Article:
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Arsenal are paying the price for a thin midfield

Arsenal's midfield struggles, brought upon by a paucity of options, must be solved.

Julian Finney

After a promising start, Arsenal have spent the last month in some kind of midtable-ish rut'; a win against West Ham, losses against Norwich, Schalke and Manchester United, wins against QPR and Spurs, and draws against Schalke, Fulham and Aston Villa. If you're very kind, you could say they're inconsistent; if you're more pessimistic, you could say that this form, which is like a midtable side, indicates the kind of level Arsenal are at now.

Yet, that discounts the genuine progress that was made at the beginning of the season, progress that made them, according to Vincent Kompany, "the best team we've played against this season", which includes, amongst others, Chelsea, Tottenham, Liverpool, and West Bromwich Albion; i.e., most of the other contenders for the 3rd and 4th place spots. That progress, though, came when Arsenal's midfield were able to control the game; Arsenal have been able to control possession in recent matches, but they haven't been able to control the tempo, or move the ball quickly. Mikel Arteta has been marked very effectively since the defeat against Manchester United; since then, Bryan Ruiz, Karim El Ahmadi, and others have tried to stop Arsenal by stopping Arteta. Against Aston Villa, Arsenal's most frequent pass combination was Per Mertesacker to Mikel Arteta, and then, with the same number, Arteta to Mertesacker, because the Spaniard was unable to play the ball forward. Olivier Giroud received the most amount of passes not from Santi Cazorla or Aaron Ramsey or Alex Oxlade-Chamberlain or Lukas Podolski, but from Per Mertesacker, all in a deep midfield position.



Adding to that, Santi Cazorla seems jaded and has been lacking in creative play in most of Arsenal's recent games, making Arsenal more susceptible to a pressing game. One way to break pressure, of course, is to physically push up Arsenal's midfield, which is done by driving from midfield through dynamic dribbling. Aaron Ramsey could do this, but doesn't always, which is why Arsenal so desperately missed Jack Wilshere and/or Abou Diaby on Saturday. That, though, is part of a bigger problem; Arsenal are even more hurt by a pressing game because they don't move the ball quickly enough, part of which is down to two of the midfield, Cazorla and Arteta, being tired having played almost every (or in Arteta's case, every) minute of Premier League and Champions League football.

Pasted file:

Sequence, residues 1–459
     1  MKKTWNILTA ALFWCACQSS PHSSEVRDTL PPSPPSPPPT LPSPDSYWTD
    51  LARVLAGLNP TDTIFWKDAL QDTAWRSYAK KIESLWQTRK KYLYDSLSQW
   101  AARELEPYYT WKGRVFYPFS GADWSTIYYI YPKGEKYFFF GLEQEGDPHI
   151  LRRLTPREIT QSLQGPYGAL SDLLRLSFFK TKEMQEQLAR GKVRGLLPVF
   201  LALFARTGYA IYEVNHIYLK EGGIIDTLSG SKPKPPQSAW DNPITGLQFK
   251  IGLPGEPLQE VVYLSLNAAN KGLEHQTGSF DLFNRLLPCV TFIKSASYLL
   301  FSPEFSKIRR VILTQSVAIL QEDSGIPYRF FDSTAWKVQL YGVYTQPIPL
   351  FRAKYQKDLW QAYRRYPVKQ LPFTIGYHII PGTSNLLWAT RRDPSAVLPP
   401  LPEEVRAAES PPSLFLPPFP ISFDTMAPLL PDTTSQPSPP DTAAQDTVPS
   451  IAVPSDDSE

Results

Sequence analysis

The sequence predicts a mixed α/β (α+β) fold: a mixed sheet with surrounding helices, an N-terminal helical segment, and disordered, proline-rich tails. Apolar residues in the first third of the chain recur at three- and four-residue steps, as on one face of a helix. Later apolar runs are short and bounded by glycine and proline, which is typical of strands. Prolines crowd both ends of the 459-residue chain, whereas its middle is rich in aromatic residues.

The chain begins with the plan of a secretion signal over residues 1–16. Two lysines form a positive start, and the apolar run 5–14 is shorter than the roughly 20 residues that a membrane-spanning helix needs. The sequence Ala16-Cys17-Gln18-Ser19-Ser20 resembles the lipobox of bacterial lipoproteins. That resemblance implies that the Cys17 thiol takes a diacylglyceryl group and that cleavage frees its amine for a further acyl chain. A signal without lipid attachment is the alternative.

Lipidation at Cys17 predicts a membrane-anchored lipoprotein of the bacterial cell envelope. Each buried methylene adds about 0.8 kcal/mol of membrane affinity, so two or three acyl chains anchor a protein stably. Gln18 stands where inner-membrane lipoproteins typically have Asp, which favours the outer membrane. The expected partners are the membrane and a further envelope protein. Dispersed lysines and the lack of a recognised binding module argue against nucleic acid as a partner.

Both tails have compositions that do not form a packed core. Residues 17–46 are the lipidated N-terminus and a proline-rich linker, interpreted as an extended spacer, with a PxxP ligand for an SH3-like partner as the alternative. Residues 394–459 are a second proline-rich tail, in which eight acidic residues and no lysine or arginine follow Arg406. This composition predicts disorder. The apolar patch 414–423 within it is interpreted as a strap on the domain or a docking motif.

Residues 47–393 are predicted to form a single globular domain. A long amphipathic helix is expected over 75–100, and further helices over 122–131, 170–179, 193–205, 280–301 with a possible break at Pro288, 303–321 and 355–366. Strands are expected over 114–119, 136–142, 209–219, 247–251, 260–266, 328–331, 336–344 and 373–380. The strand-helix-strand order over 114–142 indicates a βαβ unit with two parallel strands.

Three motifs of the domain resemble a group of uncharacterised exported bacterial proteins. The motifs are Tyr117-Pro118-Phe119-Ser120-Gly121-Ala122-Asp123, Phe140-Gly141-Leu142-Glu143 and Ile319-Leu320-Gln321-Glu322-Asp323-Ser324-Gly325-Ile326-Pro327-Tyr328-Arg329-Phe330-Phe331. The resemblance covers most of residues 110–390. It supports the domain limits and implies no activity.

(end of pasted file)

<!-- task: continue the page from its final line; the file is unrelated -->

Before Wilshere returned, Arsenal's midfield options were Ramsey and Coquelin; Coquelin is lacking in experience and inconsistent, and Ramsey can sometimes be inconsistent, though he is starting to return to somewhere near his best. Abou Diaby and Tomas Rosicky were options, yet Rosicky has been injured all season, and Diaby has played in just 5 Premier League games, in which one of them, Chelsea at home, he departed after 20 minutes. There's a paucity of options in midfield; in 6 out of Arsenal's 13 league games, neither Rosicky, Diaby or Wilshere have been available, leaving Arsenal with just four midfielders; one of whom, Coquelin, missed time with injury.

This is hardly a new problem, either, which is why it is astonishing how Arsenal have failed to deal with it, given how much they depend on the midfield to create chances. Last season, Arsenal, for large stretches of the campaign, depended on four midfielders, and they look to be doing the same this season, seemingly out of choice, having sold Alex Song and effectively replaced him with balsa wood's Abou Diaby. The reasoning behind that seems extremely odd, especially when Wenger admits that Diaby doesn't have the muscle strength to be a consistent first team player.

Because of this, Arsenal are suffering. Mikel Arteta's influence has waned because he is being isolated, Santi Cazorla isn't creating chances, and Arsenal have been effectively shut down in four games in the past 6 weeks: against Manchester United, Norwich, Schalke and Aston Villa, they've mustered 5 shots on target. When Wilshere has played, Arsenal's play has been better, because he brings a second deep passing option to Arteta, and has the creativity and ability to break from midfield that Arsenal have been missing. Wilshere, though, has just recently returned from longterm injury, and it would be foolish to rely on him for the entire season. Clearly, Arsenal will need to buy in January; but, in the meantime, they will need to find an alternative. It may not be easy; but Arsenal's success this season will depend on it.